Another change that I've given some thought to lately is mobility. Back in the days when I was single (and aching to be married) I would just hop in my ol' Datsun, Tess, and hit the road. Maybe go up to Seattle for the weekend to see Shelley and Corrigan, or to McMinnville, or down to California. I had a very flexible job and could pretty much go where I wanted when I wanted. I still have a flexible job in a way. I mean, in the morning hours I can run out to the store to do my errands as long as we're home in time for lunch and nap time. All I have to do is make sure the diaper bag is stocked, both kids are fed and have reasonably dry diapers, get everyone strapped in to their car seats and we're off. Sometimes I even remember to bring my wallet. By the time we're all loaded in the van I feel like it would probably just be easier to stay home. And that's nothing compared to going away for the weekend, which we manage to do every so often, usually up to stay with Paula in Camas. I don't even bother with packing bags; I just start throwing things in laundry baskets, which usually means there are piles of laundry dumped on the couch. (If we're lucky and it's clean.) So into the laundry baskets go all the kids' stuff- diapers and clothes and blankets and Peregrine's special pillow and his bear and his Bible story book and his classical music CD and his movies and his spill-proof cups and his spoons. And so on and so on. And then I pack our little cooler, because I want to show up with at least a little food, not just expect Paula to singlehandedly feed this family of four for the whole weekend. And of course Erik has to have his soy creamer and his coffee and Peregrine has to have snacks (okay, I like the snacks too). And then we have to bring the play pen and the stroller and by this time Erik is wondering if we should have gotten a small bus instead of the mini-van. And then, at the very end of this madness, I get around to packing a few changes of clothes in a bag for myself. I usually discover at this point that the shirt I wanted to wear is dirty and so I'm frantically trying things on and throwing them on the floor until I find some clothes that are not terribly frumpy. Of course I had told Erik five minutes ago that I was almost ready, which means to him that it's time to get the kids strapped in and start the van. So he comes back in and asks if I'm coming and I say I'm getting there and he looks surprised that I'm not ready yet. I finally manage to make my way out to the van, laden with five things I forgot until the last minute. At last we're on our way. We always have a great time; of course no one gets enough sleep and the kids' schedule gets all out of whack, but it's fun to get away for a few days. Coming home is nice too, although then there is all the unpacking to do. There's no where to put the dirty laundry since the baskets are full of stuff and we inevitably forget a few things at Paula's. But within a few days we're back to normal and I might even get that growing pile of clothes folded and put away!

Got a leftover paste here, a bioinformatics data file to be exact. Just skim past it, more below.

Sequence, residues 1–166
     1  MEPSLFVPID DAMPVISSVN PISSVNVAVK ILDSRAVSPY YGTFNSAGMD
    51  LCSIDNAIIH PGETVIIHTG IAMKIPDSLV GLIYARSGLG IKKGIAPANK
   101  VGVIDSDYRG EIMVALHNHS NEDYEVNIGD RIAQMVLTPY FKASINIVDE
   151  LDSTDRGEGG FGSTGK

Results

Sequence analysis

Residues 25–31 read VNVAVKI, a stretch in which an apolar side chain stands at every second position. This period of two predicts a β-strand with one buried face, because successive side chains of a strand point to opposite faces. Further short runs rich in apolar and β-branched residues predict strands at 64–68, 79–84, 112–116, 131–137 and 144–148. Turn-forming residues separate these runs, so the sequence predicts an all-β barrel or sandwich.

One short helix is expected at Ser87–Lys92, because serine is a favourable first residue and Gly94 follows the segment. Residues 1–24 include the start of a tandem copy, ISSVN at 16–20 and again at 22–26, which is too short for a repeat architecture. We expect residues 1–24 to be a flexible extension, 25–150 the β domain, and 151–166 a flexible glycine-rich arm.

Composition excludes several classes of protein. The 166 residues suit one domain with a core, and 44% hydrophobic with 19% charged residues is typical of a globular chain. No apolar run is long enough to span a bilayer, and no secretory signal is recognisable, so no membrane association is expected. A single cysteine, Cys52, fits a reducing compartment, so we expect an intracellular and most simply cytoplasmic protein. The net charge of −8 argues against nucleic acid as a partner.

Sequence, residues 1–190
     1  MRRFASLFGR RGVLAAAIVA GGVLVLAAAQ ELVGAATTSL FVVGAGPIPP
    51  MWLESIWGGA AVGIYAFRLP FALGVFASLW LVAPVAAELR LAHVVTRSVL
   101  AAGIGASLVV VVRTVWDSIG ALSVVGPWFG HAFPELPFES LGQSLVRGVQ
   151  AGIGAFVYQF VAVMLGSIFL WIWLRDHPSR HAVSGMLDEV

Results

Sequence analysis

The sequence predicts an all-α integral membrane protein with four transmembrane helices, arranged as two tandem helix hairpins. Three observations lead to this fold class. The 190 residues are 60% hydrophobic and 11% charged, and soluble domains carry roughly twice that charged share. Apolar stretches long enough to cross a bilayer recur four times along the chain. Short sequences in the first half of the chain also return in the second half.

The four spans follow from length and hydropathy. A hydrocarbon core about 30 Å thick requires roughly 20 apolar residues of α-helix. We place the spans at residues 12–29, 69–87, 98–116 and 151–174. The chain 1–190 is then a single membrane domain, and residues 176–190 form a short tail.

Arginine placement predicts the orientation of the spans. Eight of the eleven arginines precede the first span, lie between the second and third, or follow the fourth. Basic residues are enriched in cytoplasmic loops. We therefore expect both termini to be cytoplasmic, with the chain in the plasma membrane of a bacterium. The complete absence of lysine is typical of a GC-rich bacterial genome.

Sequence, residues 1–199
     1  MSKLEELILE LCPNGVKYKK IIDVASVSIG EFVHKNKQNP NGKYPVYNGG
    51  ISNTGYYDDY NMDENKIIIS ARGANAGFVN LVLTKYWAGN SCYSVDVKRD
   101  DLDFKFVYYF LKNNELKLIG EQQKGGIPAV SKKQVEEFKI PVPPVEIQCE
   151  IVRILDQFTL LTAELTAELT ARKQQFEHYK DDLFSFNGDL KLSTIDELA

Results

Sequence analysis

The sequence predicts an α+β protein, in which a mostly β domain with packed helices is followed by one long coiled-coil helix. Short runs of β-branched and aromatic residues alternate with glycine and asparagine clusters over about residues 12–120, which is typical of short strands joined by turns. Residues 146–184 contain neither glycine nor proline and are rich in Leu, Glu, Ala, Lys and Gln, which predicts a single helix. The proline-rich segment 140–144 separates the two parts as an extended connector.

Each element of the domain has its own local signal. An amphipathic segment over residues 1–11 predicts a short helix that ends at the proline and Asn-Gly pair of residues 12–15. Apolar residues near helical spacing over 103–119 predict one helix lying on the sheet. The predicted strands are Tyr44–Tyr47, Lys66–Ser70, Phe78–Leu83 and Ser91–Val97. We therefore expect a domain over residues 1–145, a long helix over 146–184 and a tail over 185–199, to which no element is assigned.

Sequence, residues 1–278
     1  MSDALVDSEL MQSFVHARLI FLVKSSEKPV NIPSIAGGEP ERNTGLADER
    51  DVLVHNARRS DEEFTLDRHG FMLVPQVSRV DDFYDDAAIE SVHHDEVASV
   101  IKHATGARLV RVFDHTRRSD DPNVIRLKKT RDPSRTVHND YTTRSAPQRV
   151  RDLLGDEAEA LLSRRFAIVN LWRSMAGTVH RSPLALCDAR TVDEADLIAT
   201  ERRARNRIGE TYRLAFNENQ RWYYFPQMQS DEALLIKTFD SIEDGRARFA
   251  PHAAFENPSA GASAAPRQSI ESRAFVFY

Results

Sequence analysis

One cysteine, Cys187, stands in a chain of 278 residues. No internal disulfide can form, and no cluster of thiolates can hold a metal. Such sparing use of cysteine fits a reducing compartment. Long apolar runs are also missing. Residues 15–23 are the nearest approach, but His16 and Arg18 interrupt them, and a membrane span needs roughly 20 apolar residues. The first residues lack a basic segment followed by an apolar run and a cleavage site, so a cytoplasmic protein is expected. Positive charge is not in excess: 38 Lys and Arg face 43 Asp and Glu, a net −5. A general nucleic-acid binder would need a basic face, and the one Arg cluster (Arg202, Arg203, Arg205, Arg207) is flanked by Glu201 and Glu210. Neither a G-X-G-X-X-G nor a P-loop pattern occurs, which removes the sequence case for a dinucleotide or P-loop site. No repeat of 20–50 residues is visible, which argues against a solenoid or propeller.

I wouldn't trade sleepy days with my husband and family for for all the restful nights I used to have. And while I do miss being able to take off for Seattle or San Francisco (or India or Africa) I love the sameness of the days with my family- getting up with the kids, caring for them, feeding them, reading books and playing, looking forward to Erik coming home, dinner and evenings together, and finally collapsing into bed (after checking on those sweet kids one last time.) This was always the desire of my heart, and I thank the Lord for giving it to me and bringing it to pass. I know that all too soon my kids will be too big to cuddle in bed with us, and going places will be simpler, so I will enjoy the crazy days and sleepless nights that come along with these precious little ones.